Carnival in Limoux
The story of carnival Limoux harkens back to XIV century when millers were released from the contributions made to Dominican Monastery on Shrove Tuesday. The millers went from their millings enjoying this event. They walked along the city throwing flour and glazed almond to the passers-by. Then, having drunk and eaten a lot, they started dancing copying the movements from the wine growers who made steps pressing the grape juice. The tradition became widespread, and in the modern carnival the groups dressed in millers also go along the streets of Limoux. But they throw sweets, not flour.
The carnival has been lasting for three months only at the weekends. It is compulsory rule due to which all the groups-participants get possibility to go on the streets. In total, there are 24 groups, and at one weekend only two groups perform.
The main attributes of the carnival are mask, gestures, and music. The gestures were borrowed from the dance of wine growers, and mask from the millers. The music is traditional for Limoux.
First and foremost, the carnival is interesting due to the groups coming to the streets of the city. The group of millers is the most essential. The millers could be easily recognized in accordance with their suits, particularly, white caps, shirts, and trousers with red scarves. Also the millers hold in arms ropes and carry on the shoulders bags with flour.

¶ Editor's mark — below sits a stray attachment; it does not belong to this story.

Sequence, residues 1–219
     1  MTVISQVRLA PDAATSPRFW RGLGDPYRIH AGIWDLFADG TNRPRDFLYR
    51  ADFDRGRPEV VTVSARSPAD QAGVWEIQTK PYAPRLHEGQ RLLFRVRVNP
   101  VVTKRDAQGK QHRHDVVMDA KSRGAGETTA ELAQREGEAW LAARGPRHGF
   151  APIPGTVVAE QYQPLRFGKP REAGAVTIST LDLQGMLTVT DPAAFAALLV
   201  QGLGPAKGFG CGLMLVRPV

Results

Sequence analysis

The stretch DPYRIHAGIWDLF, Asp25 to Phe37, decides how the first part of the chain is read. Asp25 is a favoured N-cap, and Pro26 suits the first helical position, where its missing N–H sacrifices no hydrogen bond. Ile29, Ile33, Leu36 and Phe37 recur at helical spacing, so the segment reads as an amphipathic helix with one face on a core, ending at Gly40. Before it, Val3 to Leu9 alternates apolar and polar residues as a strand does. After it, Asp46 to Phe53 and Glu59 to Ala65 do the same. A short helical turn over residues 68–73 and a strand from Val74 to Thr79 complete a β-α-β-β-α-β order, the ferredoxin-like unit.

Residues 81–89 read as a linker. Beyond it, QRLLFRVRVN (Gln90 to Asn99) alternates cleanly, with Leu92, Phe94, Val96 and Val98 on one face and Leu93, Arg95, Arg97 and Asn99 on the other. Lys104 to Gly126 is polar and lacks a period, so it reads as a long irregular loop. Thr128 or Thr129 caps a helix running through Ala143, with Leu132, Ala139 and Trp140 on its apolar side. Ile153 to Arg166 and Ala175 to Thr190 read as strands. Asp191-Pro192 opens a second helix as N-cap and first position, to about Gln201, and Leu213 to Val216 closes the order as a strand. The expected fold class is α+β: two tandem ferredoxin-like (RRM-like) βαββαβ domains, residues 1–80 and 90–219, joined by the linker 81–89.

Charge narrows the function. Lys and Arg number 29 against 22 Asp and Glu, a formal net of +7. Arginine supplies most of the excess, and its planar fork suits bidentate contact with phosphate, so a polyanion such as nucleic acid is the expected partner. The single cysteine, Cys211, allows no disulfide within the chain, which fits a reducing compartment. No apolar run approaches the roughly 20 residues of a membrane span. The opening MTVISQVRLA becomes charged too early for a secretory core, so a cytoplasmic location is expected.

The group feko includes representatives of similar profession or ordinary people from one district or the same age. The members of groups are dressed in the same suits and masks. Generally, there are 24 of them. Each weekends they come in a number of two groups.
Also, there are gudilses, the people in different suits and masks. They walk in small groups and are able to make jokes over spectators, dance with them or even kid. They do not follow the order of carnival like feko.
The noisy performances of two groups happen every weekend. In the last day of the carnival they burn stuffed animal symbolizing the verily carnival. It gets verdict on Occitan language, the local dialect. The burning of the doll means the end to the disorders that last in the city for almost three months.